Inflatable Heat Shields Could One Day Land Astronauts on Mars

An artist's concept of an inflatable heat shield slowing a spacecraft for a Mars landing.
An artist's concept of an inflatable heat shield slowing a spacecraft for a Mars landing. (Image credit: NASA)

NASA successfully tested an inflatable heat shield prototype Monday (July 23), a technology that could one day be used for future space exploration missions, including landing humans on Mars, its builders say.

The Inflatable Re-entry Vehicle Experiment 3, or IRVE-3, was conducted at NASA's Wallops Flight Facility on Wallops Island, Va. During the test flight, a small capsule was launched atop a suborbital rocket, and an inflatable heat shield was deployed in space before it plummeted back through Earth's atmosphere at hypersonic speeds to splash down in the Atlantic Ocean.

The demonstration flight helps pave the way for new re-entry systems on future spacecraft, said Neil Cheatwood, IRVE-3 principal investigator at NASA's Langley Research Center in Hampton, Va.

"As far as the applicability of the technology, [we were] originally motivated to do this to allow us to potentially land more masses at Mars," Cheatwood said in a press briefing after Monday's successful test flight. "Mars is a very challenging destination. It has a very thin atmosphere — too much of an atmosphere to ignore, but not enough for us to do the things we would at other planets. That was our motivation about nine years ago when we started doing this stuff."  [Photos: NASA's Inflatable Heat Shield for Spaceships]

The IRVE-3 went through a complete inflation system test under vacuum conditions in the Transonic Dynamics Tunnel at NASA’s Langley Research Center in Hampton, Va. The Inflatable Re-entry Vehicle Experiment III launches on July 21, 2012. (Image credit: NASA Langley/Kathy Barnstorff)

Since the inflatable heat shield is designed to withstand hypersonic speeds and extreme temperatures, the IRVE-3 technology could give mission managers more options for where to land future spacecraft or rovers on Mar, such as touching down at higher latitudes on the Red Planet.

"We want to go to higher latitudes at that mass, or use this technology for larger payloads, such as humans," Cheatwood explained.

The heat shield technology could also be used to tackle the issue of "garbage" on the International Space Station, Cheatwood said. Robotic spacecraft that are sent to deliver fresh supplies, food and experiments to the orbiting outpost could then be re-packed with unwanted materials to return to Earth.

"When we send up re-supply [spacecraft] to the station, there's no portable on-demand storage up there," Cheatwood said. "When they bring up 'x' number of cubic feet of stuff, we need to get rid of that much as well."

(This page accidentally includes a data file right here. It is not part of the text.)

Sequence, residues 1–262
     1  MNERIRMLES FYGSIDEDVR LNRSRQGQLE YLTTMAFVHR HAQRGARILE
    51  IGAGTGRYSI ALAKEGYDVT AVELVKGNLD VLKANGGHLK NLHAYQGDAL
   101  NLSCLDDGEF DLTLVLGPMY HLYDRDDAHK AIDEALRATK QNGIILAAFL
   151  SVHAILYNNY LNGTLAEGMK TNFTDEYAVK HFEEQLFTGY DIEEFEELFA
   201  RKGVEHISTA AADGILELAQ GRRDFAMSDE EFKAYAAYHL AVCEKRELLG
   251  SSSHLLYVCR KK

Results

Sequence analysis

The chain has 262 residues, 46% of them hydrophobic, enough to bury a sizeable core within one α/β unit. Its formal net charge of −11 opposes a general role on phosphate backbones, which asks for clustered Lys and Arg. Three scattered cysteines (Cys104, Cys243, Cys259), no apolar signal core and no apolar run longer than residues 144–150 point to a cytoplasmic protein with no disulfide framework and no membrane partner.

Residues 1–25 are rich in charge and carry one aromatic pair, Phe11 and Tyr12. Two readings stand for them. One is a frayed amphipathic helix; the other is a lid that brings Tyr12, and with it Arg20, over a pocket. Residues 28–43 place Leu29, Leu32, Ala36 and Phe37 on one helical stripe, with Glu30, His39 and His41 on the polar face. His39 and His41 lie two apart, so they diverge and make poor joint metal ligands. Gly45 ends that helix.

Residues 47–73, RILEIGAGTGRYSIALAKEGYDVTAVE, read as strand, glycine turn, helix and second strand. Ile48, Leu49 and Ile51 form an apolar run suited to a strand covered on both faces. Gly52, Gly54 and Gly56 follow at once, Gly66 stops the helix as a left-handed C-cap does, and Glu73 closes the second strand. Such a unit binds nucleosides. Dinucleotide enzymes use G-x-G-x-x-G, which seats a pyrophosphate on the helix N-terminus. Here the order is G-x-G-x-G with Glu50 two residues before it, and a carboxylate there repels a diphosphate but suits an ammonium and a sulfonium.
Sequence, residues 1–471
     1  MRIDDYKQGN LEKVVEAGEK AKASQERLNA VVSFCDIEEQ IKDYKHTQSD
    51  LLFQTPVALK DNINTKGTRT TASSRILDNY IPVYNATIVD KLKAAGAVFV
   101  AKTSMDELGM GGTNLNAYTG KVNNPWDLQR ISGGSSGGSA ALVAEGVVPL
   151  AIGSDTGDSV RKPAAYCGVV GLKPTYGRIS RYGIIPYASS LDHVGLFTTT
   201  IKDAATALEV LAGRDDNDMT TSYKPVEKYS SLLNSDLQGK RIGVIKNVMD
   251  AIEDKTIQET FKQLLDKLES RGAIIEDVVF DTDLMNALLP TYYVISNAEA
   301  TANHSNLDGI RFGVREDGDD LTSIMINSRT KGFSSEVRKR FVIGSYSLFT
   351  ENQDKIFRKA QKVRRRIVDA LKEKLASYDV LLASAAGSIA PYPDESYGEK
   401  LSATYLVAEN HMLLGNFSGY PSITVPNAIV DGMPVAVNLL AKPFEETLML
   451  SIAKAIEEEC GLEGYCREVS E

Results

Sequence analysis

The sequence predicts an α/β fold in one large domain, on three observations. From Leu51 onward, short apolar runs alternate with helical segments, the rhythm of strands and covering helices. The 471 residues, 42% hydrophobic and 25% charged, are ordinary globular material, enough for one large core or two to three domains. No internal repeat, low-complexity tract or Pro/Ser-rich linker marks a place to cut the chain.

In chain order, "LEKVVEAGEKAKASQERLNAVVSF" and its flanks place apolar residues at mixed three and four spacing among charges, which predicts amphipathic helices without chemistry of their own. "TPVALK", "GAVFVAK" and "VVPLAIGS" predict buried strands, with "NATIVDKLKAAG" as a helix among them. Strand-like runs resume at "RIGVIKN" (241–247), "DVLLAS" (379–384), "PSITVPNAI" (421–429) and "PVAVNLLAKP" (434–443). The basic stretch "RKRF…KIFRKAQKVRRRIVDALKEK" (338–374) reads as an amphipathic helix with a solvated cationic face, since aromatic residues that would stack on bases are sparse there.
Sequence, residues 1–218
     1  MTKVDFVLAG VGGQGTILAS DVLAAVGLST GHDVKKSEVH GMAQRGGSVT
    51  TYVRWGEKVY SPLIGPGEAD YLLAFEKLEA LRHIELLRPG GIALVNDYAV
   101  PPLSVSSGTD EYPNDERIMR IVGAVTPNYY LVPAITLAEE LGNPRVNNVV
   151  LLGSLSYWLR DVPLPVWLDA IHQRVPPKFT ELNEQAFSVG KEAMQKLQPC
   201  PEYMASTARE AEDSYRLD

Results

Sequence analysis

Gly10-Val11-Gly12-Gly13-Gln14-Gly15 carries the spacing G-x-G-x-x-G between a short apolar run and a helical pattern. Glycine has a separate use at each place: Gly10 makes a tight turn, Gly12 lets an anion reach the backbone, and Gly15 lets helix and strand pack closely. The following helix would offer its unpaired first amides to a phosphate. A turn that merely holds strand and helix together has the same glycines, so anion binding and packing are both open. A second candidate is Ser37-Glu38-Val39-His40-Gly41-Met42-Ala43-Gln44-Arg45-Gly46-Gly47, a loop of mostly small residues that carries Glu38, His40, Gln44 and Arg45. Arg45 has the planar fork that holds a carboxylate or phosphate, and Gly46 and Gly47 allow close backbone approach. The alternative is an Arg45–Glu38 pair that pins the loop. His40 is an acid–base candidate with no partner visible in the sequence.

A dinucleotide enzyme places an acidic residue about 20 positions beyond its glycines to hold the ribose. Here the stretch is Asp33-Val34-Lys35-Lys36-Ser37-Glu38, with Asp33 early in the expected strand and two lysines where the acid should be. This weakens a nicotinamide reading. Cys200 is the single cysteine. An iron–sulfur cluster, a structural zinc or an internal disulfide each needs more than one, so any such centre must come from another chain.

With future tests planned to improve the heat shield technology, the IRVE-3 team has been involved in preliminary discussions with commercial companies about possible uses for these inflatable systems.

"Applications include potentially recovering launch vehicle assets," Cheatwood said. "We have had conversations with more than one commercial venture about whether this could help them."

The 680-pound (308-kilogram) IRVE-3 heat shield consists of a cone made up of inflatable rings that are each wrapped in layers of thermal blankets. For the test flight, the prototype was packed inside a nose cone that measures 22 inches wide (56 centimeters). During the flight, the heat shield inflated with nitrogen gas, expanding to measure 10 feet (3 meters) across.

The IRVE-3 experiment launched atop a Black Brant 4 suborbital rocket from the Wallops Flight Facility. The entire test flight lasted approximately 20 minutes, NASA officials said.

As the heat shield re-entered Earth's atmosphere, it was exposed to 20 Gs of force (20 times the force of gravity) and temperatures of up to 1,000 degrees Fahrenheit (537 degrees Celsius), as it traveled at blistering speeds of up to Mach 10, or 10 times the speed of sound.

The roughly $17 million test flight was part of NASA's Space Technology Program, which aims to foster the design and development of innovative technological solutions to the challenges of future space exploration.

"Without these technologies, we will not be able to perform the next generation of NASA missions that will go beyond low-Earth orbit with humans, and enable much greater, more ambitious science missions to the planets, and to explore the solar system and the universe," said James Reuther, deputy director of NASA's Space Technology Program.

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Denise Chow
NBC News science writer

Denise Chow is a former staff writer who then worked as assistant managing editor at Live Science before moving to NBC News as a science reporter, where she focuses on general science and climate change. She spent two years with, writing about rocket launches and covering NASA's final three space shuttle missions, before joining the Live Science team in 2013. A Canadian transplant, Denise has a bachelor's degree from the University of Toronto, and a master's degree in journalism from New York University. At NBC News, Denise covers general science and climate change.